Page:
Along with Brian, I had also struck up a friendship with one of the administrators at the health center and one day she offered to take Linda, Brian and I skiing along with her and her kids. I was a little hesitant, as I was the only person going who didn't know how to ski, having never been. Despite growing up in upstate NY, with several mountains within a couple of hours of me, skiing was something I never got into. For one, I wasn't one of the Ski Club kids in high school. I wasn't cool, as they all were, I didn't have the money to pay for the trips, and invariably I worked on Friday nights, so Ski Club wasn't really an option. As no one in my family skied either, save my sister who used the Ski Club trips as an opportunity to socialize so she really didn't count, the activity was one I was able to safely ignore up until my early 20's. Linda and Brian both had ski experience though, and they promised me that it would be easy to learn and that I'd have a great time.

Either they underestimated the difficulty of learning to ski or they overestimated my ability to coordinate myself with two boards strapped to my feet, but skiing was a far cry from being easy to learn. Simple movement was an issue, and even on the slightest of runs, I was unable to go more than five feet before my toes would point inwards and I'd tumble over, or simply stop with no way to get back going. Linda tried to teach me and between our mutual frustration with each other, things didn't go all that well. Eventually Brian stepped in and for whatever reason, be it him just explaining things differently, or me just finally learning how to coordinate my unresponsive muscles, I started to get the hang of things.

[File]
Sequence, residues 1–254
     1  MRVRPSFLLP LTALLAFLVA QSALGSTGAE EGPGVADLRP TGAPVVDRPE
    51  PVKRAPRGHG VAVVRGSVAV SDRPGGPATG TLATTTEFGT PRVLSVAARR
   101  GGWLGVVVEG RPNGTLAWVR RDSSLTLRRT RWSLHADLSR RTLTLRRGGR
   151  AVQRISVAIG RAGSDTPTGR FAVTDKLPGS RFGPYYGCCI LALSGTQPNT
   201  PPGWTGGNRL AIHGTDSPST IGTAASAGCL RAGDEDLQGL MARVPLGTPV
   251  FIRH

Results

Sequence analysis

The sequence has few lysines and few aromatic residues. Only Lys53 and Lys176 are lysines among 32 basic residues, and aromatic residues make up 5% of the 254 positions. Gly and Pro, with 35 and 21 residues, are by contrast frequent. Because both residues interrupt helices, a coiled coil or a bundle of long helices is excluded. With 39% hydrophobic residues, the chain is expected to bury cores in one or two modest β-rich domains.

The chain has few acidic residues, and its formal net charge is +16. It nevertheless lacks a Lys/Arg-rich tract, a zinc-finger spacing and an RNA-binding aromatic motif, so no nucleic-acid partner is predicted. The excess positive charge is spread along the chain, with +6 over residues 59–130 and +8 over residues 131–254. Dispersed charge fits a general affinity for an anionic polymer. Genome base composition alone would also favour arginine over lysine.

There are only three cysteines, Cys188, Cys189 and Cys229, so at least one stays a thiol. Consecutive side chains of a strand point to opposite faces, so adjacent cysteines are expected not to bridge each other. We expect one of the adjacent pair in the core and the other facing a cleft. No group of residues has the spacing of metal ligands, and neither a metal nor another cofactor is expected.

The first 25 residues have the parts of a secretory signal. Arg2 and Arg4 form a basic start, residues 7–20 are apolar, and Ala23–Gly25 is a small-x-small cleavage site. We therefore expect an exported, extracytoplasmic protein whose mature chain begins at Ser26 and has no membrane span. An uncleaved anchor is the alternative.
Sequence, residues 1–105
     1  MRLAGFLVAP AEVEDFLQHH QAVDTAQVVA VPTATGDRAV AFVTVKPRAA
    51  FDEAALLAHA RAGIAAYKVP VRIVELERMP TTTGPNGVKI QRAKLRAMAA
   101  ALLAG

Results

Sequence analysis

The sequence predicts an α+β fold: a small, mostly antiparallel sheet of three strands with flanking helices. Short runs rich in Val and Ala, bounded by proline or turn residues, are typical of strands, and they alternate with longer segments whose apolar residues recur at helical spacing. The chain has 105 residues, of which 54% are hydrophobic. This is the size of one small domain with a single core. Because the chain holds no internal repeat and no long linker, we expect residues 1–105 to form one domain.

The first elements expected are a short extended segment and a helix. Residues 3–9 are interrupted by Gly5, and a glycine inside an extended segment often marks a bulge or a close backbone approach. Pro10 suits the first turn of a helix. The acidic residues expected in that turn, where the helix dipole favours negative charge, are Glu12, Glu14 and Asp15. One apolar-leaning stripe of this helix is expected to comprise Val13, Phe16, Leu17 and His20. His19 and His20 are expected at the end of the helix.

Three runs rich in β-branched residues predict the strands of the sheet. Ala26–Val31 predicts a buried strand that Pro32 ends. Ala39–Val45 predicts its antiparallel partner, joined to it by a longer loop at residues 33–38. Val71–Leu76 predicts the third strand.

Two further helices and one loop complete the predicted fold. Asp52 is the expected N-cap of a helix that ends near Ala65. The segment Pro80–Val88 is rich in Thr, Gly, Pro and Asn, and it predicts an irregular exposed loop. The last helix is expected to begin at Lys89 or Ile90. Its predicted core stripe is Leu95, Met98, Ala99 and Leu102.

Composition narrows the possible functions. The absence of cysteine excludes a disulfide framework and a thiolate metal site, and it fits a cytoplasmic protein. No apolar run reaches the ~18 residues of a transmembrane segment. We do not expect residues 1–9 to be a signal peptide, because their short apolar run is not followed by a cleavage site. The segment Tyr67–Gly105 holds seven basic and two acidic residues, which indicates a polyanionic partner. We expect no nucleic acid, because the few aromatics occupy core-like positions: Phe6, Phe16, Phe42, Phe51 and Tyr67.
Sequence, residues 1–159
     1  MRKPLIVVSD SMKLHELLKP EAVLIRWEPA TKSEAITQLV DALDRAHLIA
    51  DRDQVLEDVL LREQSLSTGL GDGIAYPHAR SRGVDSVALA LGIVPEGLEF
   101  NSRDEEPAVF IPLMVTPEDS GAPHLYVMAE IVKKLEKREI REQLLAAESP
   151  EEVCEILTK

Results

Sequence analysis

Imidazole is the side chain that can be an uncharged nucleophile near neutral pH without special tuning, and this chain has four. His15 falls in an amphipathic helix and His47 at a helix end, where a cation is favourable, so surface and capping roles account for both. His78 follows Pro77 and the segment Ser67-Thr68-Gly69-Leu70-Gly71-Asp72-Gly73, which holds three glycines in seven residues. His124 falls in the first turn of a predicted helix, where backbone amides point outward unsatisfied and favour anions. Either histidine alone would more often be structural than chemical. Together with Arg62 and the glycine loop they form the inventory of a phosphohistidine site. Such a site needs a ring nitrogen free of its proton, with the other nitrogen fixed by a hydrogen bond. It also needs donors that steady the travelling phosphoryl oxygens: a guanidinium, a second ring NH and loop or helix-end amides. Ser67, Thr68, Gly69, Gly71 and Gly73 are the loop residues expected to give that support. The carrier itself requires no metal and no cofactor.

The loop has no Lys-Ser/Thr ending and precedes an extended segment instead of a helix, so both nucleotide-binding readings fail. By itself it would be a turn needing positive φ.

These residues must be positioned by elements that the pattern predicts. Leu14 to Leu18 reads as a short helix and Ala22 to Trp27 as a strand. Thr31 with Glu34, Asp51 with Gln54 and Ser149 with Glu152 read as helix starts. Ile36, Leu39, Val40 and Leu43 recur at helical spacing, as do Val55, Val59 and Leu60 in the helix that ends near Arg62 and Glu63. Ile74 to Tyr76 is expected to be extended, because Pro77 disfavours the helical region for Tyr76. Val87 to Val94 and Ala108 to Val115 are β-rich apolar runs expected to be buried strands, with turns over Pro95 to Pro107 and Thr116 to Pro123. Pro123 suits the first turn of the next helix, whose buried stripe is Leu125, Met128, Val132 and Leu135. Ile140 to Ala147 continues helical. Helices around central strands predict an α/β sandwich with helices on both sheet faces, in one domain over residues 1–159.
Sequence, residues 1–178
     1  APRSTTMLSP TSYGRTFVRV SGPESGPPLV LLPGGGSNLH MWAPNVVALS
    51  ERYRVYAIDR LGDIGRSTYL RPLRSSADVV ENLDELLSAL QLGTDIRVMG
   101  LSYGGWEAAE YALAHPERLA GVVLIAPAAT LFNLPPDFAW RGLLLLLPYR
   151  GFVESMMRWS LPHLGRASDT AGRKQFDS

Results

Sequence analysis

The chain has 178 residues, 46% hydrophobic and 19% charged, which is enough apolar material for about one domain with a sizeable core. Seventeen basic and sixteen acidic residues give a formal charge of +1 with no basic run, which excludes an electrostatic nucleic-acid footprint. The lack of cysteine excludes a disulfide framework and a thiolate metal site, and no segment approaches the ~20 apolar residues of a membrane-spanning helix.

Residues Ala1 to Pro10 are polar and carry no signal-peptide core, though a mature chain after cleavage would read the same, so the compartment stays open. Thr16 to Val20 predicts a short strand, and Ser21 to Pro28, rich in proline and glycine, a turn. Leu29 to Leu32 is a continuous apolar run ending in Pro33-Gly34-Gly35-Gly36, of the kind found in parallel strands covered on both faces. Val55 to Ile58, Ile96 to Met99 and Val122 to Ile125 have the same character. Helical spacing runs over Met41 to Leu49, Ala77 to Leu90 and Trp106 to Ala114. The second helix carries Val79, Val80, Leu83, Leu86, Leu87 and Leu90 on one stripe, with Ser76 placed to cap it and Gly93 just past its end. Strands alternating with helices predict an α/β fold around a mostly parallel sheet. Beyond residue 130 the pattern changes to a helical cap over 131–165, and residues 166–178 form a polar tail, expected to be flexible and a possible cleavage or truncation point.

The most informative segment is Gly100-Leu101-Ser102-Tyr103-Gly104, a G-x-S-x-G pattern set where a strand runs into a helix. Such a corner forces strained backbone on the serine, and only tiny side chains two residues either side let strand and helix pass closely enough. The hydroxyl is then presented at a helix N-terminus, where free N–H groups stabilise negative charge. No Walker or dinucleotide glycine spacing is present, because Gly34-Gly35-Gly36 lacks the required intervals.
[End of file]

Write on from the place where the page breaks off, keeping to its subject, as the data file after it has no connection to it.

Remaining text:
By "get the hang of things" I mean that I could go to the top of the run, ski down without hitting anything, and manage to turn myself so that I could stop. Usually before I slammed into the equipment rack, but not all of the time. Given how long it had taken me to get to this point, simply making it down the run at all, much less without serious injury, was enough to keep me happy, but Linda and Brian were no doubt tired of the same boring, beginner level skiing and wanted a chance to tackle something lengthier and more challenging.